While satisfying the enablement requirement in the U.S. and the sufficiency of disclosure requirement at the EPO may require similar tactics when drafting a patent application, there are, of course, other distinguishing features between the patentability requirements of European and U.S. patent applications. For example, a U.S. patent application may incorporate by reference extrinsic evidence supporting the claimed invention. European patent applications cannot, or at least, it is heavily frowned upon. Another example is that U.S. applications must include the best mode for carrying out the claimed invention, notwithstanding that failure to disclose the best mode is no longer available as a defense in patent litigations in the U.S. for actions filed on or after September 16, 2011, per the newly enacted American Invents Act. Thus, when drafting a patent application that can be filed with both the EPO and the USPTO, one would need to address these and other distinguishing features between the patentability requirements of European and U.S. patent applications.
The divergence of guidance found in both U.S. case law concerning enablement and the EPO concerning sufficiency of disclosure may seem daunting. Nevertheless, strategic and careful drafting of a patent application is the best method for satisfying the enablement requirement and securing patentability. This involves understanding the level of knowledge available in the prior art, determining where that knowledge may fill any gaps in the disclosure, providing numerous examples of varying scope for practicing the claimed invention, and drafting claims of broad genus, sub-genus and species claims of varying scope. Such a strategy should afford satisfaction of the requirements of both sides of the ocean and place a patent practitioner in an advantageous position to ensure patentability. In other words, the only thing predictable about the enablement standard in the U.S. and the sufficiency of disclosure standard at the EPO is that more is always better.
1 Hitachi, Ltd. v. DaimlerChrysler AG, No. T 0063/06 at 7, (EPO Bd. App. June 24, 2008).
2 Haemonetics Corp. v. CaridianBCT, Inc., No. T 1610/08 at 9, (EPO Bd. App. September 21, 2011).
3 Hitachi, Ltd., et al., No. T 0561/96 at 9, (EPO Bd. App. January 16, 1997).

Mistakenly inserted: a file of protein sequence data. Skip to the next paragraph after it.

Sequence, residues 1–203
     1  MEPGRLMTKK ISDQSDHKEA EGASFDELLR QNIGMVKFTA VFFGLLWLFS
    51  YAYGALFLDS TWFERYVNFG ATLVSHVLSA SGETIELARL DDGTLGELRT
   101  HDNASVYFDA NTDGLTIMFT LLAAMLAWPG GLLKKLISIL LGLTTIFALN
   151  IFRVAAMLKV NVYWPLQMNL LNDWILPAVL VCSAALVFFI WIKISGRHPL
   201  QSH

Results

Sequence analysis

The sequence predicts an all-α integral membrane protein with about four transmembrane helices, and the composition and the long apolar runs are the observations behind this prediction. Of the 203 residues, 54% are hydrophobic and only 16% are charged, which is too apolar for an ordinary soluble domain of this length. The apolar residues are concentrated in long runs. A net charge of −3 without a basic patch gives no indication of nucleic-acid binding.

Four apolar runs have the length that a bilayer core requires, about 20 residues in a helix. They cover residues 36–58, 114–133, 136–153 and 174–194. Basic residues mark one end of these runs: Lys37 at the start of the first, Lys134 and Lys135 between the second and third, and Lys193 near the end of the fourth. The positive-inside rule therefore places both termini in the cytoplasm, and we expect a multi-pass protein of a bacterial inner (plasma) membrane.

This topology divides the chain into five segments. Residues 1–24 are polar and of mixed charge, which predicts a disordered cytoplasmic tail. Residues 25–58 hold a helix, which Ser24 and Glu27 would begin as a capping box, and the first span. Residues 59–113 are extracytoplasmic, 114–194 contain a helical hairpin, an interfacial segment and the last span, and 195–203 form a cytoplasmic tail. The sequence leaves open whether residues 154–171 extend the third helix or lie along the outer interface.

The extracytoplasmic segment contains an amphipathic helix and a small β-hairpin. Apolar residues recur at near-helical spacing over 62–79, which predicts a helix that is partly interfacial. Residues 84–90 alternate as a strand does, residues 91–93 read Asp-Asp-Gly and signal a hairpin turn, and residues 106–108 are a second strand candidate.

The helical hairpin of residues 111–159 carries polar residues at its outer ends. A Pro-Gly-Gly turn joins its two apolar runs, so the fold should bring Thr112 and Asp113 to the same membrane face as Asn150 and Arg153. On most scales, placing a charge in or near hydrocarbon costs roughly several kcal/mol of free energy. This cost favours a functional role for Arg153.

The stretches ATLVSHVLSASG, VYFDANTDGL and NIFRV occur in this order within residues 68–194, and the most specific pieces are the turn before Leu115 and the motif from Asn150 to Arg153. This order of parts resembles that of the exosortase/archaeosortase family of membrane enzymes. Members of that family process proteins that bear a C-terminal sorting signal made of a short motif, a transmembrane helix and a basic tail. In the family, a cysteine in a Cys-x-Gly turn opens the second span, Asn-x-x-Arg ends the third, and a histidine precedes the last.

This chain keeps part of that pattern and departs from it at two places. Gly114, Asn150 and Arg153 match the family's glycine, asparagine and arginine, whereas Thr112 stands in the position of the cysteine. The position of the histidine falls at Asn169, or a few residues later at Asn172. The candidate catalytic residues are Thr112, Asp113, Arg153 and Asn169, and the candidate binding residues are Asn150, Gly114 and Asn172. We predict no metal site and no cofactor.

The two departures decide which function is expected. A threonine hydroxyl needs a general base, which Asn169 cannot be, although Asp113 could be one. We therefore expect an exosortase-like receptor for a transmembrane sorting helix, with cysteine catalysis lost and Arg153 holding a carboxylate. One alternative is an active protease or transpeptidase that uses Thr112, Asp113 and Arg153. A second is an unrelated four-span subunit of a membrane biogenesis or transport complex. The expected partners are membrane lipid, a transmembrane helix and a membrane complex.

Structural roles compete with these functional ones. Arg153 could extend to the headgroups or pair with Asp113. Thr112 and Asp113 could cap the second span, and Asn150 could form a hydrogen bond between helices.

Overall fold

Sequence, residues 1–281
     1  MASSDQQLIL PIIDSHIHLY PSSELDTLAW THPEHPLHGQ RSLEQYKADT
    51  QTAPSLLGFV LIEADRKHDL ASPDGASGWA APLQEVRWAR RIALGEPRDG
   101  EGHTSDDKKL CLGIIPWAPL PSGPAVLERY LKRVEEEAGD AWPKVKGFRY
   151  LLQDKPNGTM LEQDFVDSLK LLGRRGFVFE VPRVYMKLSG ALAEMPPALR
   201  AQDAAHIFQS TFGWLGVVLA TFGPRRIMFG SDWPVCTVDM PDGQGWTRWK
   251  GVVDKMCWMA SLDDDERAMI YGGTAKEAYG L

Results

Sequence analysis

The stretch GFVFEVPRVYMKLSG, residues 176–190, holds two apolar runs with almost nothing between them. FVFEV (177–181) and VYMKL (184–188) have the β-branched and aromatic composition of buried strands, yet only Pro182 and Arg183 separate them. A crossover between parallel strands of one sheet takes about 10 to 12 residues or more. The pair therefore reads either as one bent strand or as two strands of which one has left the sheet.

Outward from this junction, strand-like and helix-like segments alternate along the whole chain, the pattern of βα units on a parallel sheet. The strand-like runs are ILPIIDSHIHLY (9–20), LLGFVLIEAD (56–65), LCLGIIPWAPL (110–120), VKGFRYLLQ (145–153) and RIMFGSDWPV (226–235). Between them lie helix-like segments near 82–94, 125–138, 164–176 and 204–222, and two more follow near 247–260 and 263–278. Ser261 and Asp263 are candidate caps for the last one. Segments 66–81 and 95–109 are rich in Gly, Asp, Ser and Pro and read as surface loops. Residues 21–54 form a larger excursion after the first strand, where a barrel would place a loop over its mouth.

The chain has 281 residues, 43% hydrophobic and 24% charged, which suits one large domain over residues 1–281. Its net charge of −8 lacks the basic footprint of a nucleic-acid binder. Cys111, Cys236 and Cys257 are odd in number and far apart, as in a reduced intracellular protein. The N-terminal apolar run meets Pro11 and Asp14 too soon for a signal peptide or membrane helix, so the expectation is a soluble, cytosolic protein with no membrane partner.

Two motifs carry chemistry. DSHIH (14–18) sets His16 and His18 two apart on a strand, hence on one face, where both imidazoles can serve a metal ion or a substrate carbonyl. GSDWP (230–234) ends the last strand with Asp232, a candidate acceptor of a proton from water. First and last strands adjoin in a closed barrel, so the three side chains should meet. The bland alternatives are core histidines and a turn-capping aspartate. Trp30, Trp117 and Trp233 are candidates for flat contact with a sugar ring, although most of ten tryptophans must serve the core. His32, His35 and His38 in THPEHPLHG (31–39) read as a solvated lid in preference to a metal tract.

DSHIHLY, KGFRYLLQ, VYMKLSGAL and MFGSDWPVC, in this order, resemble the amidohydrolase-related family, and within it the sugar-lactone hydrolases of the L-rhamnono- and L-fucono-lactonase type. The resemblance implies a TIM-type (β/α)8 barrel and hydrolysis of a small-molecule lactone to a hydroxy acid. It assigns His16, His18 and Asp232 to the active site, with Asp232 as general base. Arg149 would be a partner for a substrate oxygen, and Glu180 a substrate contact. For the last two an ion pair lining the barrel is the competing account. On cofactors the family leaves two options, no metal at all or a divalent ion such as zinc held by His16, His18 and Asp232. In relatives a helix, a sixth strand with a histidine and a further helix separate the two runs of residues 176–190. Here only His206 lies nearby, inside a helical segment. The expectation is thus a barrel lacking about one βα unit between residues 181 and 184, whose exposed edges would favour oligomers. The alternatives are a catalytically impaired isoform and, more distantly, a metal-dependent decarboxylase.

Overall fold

4 In re Wright, 999 F.2d 1557, 1561 (Fed. Cir. 1993) (citations omitted).
5 AK Steel Corp. v. Sollac, 344 F.3d 1234, 1244 (Fed.Cir. 2003).
6 827 F.2d 1524, 1533 (Fed. Cir. 1987).
7 946 F.2d 1528, 1530, 1533 (Fed. Cir. 1991).
8 Id. at 1532 (citations omitted).
9 Id. at 1533.
10 CFMT, Inc. v. Yieldup Int'l. Corp., 349 F.3d 1333, 1338-1339 (Fed. Cir. 2003) (claims to "removal of contaminants" in method for cleaning semi-conductors did not require a disclosure demonstrating "removal of all contaminants"); Johns Hopkins Univ. v. CellPro, Inc., 152 F.3d 1342, 1359-61 (Fed. Cir. 1998) (disclosure of producing the anti-My-10 antibody sufficient to enable the broader genus of claimed antibodies).
11 See CFMT, 349 F.3d at 1338; Johns Hopkins, 152 F.3d at 1361.
12 152 F.3d at 1361.
13 429 F.3d 1052, 1058, 1070 (Fed. Cir. 2005)
14 Id. at 1070.
15 Id. at 1071.
16 No. 11-1044 (Fed. Cir. Jan. 10, 2012).
17 Id. at *29-38 (emphasis added).
18 501 F.3d 1274, 1276-1277 (Fed. Cir. 2007).
19 Id. at 1283.
20 481 F.3d 1371, 1380 (Fed. Cir. 2007).
21 Id. at 1379-1380.
22 516 F.3d 993, 999 (Fed. Cir. 2008).
23 Id. at 1000.
24 363 F.3d 1247, 1254-1256 (Fed. Cir. 2004).
25 Id. at 1254.
26 503 F.3d 1352, 1361 (Fed. Cir. 2007).
Originally printed in CIPA Journal. This article is for informational purposes, is not intended to constitute legal advice, and may be considered advertising under applicable state laws. This article is only the opinion of the authors and is not attributable to Finnegan, Henderson, Farabow, Garrett & Dunner, LLP, or the firm's clients.